Surgical attacks prove shrewd Modi is the ultimate Chanakya

PM has demonstrated a clever mix of diplomacy and strategic planning in the military strike against Pakistan.

 |  4-minute read |   30-09-2016
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The Uri attack and the payback, all in a span of just 12 days, has proved Narendra Modi to be the ultimate modern-day version of Chanakya. That Uri was avenged even before the completion of the 13th day mourning ceremony of India's 18 slain soldiers demonstrates a new resurgent India under the Prime Minister.

Modi's diplomacy and skillful planning have never been in doubt but his dealings with Pakistan in which he found himself on the backfoot had left some twiddling their thumbs.

But he has put all that to rest now by his diplomacy after the Uri attack, finally capping it with an unexpected surgical strike to destroy Pakistan-backed terror launchpads on the other side of the LoC. Clearly, Pakistan was caught off guard as Modi showed himself busy with the usual and typical non-military response of India after the Uri attack.

India's efforts at isolating Pakistan in the international community by getting external affairs minister Sushma Swaraj to tear Pakistan apart with her aggressive speech at the UN and getting Bangladesh, Afghanistan and Bhutan to withdraw from the SAARC summit in Islamabad - accusing the country of spreading terrorism - perhaps lulled the neighbouring nation into believing that a strike would be the last thing India would go for.

Or else terrorists won't have been present at the launchpads just within 4km of the Pakistani side of the LoC just a few days after the Uri strike.

Modi's Balochistan masterstroke on Independence Day and now the riposte to Pakistan after Uri are the first two big blows to Pakistan after Kargil and that too on the eve of Pakistani Army chief Raheel Shareef's retirement, a man who claims to have mastered the art of differentiating between the good and the bad terrorist.

Modi's talk about the Pakhtoons too being unhappy with Pakistan shows a deep understanding of the complex Pakistan situation. True, the Taliban, whether it's the main Taliban or the Tehreek-e-Taliban of Pakistan (TTP), has risen mainly from the Pakhtoons.

modi-embed_093016042605.jpg Pakistan was caught off guard as Narendra Modi showed himself busy with the usual and typical non-military response of India after the Uri attack. (Photo credit: India Today) 

Both Taliban Pakhtoons or the moderate Pakhtoons like the descendents of Frontier Gandhi Khan Abdul Gaffar Khan have never reconciled to the drawing of the Durand Line by the British in 1893. The line was drawn to divide Afghanistan by creating the North West Frontier Province (NWFP) and later merged with Pakistan. This was the reason why Khan Abdul Gaffar Khan willed before he died that he should be buried in his native place Jalalabad, the Afghanistan town close to the NWFP border.

Even the Taliban, which has both radical Islamic identity and the Pakhtoon identity running in it side by side, reportedly believes the border of the Pakhtoonwa is till Attock on the Indus river.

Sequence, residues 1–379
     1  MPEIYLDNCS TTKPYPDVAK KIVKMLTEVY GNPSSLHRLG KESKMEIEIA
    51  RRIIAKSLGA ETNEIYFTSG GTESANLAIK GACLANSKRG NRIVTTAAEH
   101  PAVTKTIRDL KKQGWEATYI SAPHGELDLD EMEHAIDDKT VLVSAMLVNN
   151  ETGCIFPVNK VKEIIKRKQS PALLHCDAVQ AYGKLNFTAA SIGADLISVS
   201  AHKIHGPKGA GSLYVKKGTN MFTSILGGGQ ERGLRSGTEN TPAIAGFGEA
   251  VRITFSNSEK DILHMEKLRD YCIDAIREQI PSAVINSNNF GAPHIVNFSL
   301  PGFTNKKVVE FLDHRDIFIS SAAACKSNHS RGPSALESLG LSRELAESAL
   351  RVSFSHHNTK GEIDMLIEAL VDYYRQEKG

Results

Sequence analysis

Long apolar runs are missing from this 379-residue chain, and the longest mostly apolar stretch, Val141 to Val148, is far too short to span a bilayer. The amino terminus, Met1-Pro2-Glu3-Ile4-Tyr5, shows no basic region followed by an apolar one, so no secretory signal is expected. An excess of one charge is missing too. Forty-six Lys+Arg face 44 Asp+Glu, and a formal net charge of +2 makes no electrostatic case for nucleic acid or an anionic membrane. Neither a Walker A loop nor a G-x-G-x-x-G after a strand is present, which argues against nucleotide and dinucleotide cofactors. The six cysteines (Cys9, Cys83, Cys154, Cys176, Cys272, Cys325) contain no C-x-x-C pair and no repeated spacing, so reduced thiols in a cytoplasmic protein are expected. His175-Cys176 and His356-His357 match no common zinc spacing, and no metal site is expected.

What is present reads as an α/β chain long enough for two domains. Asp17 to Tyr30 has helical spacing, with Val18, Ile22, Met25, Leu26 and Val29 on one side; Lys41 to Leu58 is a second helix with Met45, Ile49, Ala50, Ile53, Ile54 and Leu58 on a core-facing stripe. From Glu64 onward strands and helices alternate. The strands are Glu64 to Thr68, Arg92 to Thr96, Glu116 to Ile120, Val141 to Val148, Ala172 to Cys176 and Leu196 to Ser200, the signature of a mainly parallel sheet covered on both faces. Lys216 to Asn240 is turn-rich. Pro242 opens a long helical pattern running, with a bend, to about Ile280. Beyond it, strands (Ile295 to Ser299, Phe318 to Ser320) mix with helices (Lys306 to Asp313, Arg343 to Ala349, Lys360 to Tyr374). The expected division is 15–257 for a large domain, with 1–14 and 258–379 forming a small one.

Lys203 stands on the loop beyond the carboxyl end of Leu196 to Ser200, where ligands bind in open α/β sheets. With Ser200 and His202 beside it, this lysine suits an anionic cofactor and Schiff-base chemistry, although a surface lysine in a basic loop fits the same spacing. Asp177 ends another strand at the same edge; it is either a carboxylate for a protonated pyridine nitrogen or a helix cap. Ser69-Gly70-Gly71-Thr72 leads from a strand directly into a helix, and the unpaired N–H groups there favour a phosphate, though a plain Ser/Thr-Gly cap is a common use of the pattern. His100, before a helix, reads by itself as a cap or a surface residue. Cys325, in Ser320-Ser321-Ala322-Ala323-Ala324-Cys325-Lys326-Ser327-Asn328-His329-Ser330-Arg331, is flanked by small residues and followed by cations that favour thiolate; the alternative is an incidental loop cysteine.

The feeling of Punjabi Muslim dominance is felt by the Pakhtoons too except in the Pakistani Army where the Pakhtoons (who comprise the second most important group after Punjabis) have merged with the Punjabi or the Pakistani identity.

In fact, the Durand Line was drawn by the British to save Punjab and Sindh from Pakhtoon attacks. All in all, the Durand Line can be brought into question by magnifying Pakhtoon identity, especially after Pakistani Army operations in NWFP against the TTP that have affected common population too and made 8,00,000 Pakhtoons flee for their lives to Afghanistan and rendered 50,000 homeless.

In fact, if the Pakhtoons of NWFP unite with the backing of Afghanistan on the Durand Line issue and hint at creating a greater Afghanistan, a development which will need much greater level of efforts, then that could be a greater headache for Punjabi Pakistan than even Balochistan.

For Balochis are a sparsely populated people across a vast expanse and therefore militarily controllable for Pakistan, which won't be the case if the Pakhtoons rise in the name of Pakhtoon identity. For Pakhtoons are greater fighters and better equipped.

Plus, such a development presents the difficult and rare prospect on the long run of creating differences within the Pakistan Army in which the Punjabis and Pakhtoons are the major elements. Modi understands these complex dynamics if one tries to catch the thread of his speeches since August 15, 2016.

Key Modi aides say that when PM plans the first step, he knows what will be his fifth or 10th step in whatever he does. It explains that Modi kept the first half of his term for wooing Pakistan to bring it on board, and choose the path of belligerent response in the remaining half of his term if Pakistan failed to fall in line.

He is clearly choosing the second option now after having failed in his first option. It's a wise move as none can accuse him now of jingoism on his handling of Pakistan after his diplomacy at the international level and skillful manoeuvring at the local political level on the issue.

Clearly, now is the time to watch Modi and his response to a rogue Pakistan launching possible terror attacks inside India in retaliation for the Uri riposte, using its bands of "good terrorists".

Also read: 5 signs India's surgical strikes have deeply rocked Pakistan

 

Writer

Uday Mahurkar Uday Mahurkar @udaymahurkar

The writer is a Central Information Commissioner with the Central Information Commission. He is former senior journalist with India Today.

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